For educational purposes only
This information has not been evaluated by the Food and Drug Administration.
This information is not intended to diagnose, treat, cure, or prevent any disease.
mercury2  (OP)
TREMENDOUS CASH FLOW PICTURE

User ID: 163878
United States
11/29/2006 08:28 PM

Report Abusive Post
Report Copyright Violation
Re: The health benefits of ordinary culinary herbs and spices - improve your cooking and your health
How about Cinnamon, I did not know you could use this against yeast infections and bladder infections . . good to know.

Cinnamon
Soothes indigestion, controls blood sugar in diabetics, prevents stomach ulcers, wards off urinary tract infections, fights tooth decay and gum disease, prevents vaginal yeast infections

Hot apple cider tastes flat without a cinnamon stick, and toast, cookies, candies and fruit salads all benefit from a generous sprinkle of cinnamon powder. But cinnamon is more than just a kitchen spice. It's been used medicinally for thousands of years. Modern science has confirmed its value for preventing infection and indigestion and has also discovered a couple of new therapeutic uses for the herb.

Cinnamon comes from the bark of an Asian tree. (The sticks are actually pieces of bark.) Ancient Chinese herbals mention it as early as 2700 BC, and Chinese herbalists still recommend it for fever, diarrhea and menstrual problems. Cinnamon was an ingredient in ancient Egyptian embalming mixtures. In the Bible, Moses used it in holy anointing oil.

After the fall of Rome, trade between Europe and Asia became difficult, but cinnamon was so prized that it still found its way west. The 12th-century German abbess and herbalist Hildegard of Bingen recommended it as "the universal spice for sinuses," and to treat colds, flu, cancer and "inner decay and slime," whatever that means.
Boastful Benefits

Several toothpastes are flavored with cinnamon, and for good reason. "Like all the spices used in curries," says Daniel B. Mowrey, Ph.D., director of the American Phytotherapy Research Laboratory in Salt Lake City, Utah, and author of The Scientific Validation of Herbal Medicine, "cinnamon is an antiseptic that helps kill the bacteria that cause tooth decay and gum disease." Cinnamon also kills many disease-causing fungi and viruses. One German study showed it "suppresses completely" the cause of most urinary tract infections (Escherichia coli bacteria) and the fungus responsible for vaginal yeast infections (Candida albicans).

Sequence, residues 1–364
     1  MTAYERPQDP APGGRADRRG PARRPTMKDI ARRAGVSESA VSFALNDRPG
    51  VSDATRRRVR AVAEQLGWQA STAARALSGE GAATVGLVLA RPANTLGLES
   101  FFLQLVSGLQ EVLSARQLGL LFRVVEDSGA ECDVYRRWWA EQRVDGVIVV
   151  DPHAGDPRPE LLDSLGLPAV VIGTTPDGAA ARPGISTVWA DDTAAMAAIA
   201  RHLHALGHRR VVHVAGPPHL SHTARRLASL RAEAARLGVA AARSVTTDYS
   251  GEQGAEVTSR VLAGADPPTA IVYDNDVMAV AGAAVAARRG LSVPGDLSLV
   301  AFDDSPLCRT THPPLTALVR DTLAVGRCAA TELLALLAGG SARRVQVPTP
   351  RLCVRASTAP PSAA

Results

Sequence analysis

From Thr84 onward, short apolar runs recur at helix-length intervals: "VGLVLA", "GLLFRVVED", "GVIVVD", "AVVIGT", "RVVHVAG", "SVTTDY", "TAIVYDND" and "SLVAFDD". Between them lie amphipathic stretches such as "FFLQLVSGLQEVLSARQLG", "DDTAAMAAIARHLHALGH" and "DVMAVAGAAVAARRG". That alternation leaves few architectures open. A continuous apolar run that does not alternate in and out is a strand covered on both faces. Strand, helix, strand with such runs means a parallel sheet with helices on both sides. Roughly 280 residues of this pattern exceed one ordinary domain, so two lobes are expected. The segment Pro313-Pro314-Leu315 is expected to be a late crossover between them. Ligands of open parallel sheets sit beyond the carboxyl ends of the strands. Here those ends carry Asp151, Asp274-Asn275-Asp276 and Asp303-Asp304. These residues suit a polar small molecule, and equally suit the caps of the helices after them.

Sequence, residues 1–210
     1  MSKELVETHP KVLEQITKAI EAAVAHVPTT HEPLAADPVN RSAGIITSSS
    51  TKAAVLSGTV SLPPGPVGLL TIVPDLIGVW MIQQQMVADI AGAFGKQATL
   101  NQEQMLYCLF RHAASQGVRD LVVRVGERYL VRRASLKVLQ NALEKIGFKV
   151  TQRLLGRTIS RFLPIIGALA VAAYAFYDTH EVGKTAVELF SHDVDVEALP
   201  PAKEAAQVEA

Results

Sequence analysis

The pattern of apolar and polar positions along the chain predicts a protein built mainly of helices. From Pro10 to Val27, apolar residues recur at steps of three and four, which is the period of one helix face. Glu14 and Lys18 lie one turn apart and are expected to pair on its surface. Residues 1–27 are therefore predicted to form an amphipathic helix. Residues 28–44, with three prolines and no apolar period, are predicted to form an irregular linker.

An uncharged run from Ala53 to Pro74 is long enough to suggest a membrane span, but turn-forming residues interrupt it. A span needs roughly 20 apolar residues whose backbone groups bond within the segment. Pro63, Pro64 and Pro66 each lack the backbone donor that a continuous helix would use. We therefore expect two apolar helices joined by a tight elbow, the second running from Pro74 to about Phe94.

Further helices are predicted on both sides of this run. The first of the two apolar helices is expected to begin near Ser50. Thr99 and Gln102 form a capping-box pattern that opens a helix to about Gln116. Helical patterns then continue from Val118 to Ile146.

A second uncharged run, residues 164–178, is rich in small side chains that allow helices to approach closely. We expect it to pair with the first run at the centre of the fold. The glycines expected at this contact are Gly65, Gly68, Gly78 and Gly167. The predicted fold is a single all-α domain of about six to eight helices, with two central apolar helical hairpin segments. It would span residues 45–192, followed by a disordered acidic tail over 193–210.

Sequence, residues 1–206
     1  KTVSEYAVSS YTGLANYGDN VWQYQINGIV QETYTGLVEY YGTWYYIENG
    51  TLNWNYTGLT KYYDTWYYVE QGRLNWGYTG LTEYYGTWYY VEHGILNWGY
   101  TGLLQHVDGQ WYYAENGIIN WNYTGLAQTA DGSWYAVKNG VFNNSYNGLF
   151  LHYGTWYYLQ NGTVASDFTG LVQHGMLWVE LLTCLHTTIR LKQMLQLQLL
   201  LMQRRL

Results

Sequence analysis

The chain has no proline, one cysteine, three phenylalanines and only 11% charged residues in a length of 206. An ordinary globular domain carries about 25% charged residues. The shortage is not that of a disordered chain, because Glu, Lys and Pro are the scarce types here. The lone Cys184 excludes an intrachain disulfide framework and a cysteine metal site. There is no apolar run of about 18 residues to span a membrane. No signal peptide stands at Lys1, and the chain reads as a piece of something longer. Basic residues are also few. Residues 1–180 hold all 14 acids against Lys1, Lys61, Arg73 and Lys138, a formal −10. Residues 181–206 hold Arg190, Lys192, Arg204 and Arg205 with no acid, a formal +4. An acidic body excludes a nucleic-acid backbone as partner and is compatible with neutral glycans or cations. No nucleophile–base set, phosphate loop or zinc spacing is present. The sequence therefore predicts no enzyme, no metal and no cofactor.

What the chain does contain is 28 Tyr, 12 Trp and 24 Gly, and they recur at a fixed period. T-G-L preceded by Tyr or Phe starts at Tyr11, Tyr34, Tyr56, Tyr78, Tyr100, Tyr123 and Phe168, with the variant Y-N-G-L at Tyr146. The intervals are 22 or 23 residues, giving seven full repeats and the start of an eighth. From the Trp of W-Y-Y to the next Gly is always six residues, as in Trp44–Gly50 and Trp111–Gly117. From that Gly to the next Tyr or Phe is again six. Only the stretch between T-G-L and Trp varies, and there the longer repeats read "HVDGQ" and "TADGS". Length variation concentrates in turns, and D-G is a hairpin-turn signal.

Like many culinary spices, cinnamon helps soothe the stomach. But a Japanese animal study revealed that it also may help prevent ulcers.

It also appears to help people with diabetes metabolize sugar. In one form of diabetes (Type II, or non-insulin-dependent), the pancreas produces insulin, but the body cannot use it efficiently to break down glucose-the simple sugar that fuels body functions. U.S. Department of Agriculture (USDA) researchers discovered that cinnamon reduces the amount of insulin necessary for glucose metabolism.
Putting the herb to work

One-eighth of a teaspoon of cinnamon triples insulin efficiency," says James A. Duke, Ph.D., a botanist retired from the USDA and author of The CRC Handbook of Medicinal Herbs. Dr. Duke suggests that people with Type II diabetes discuss cinnamon's benefits with their doctor.

In foods, simply season to taste. For people with diabetes, 1/8 to 1/4 teaspoon of ground cinnamon per meal may help control blood sugar levels.

To brew a stomach-soothing tea, use 1/2 to 3/4 teaspoon of powdered herb per cup of boiling water. Steep 10 to 20 minutes. Drink up to three cups a day.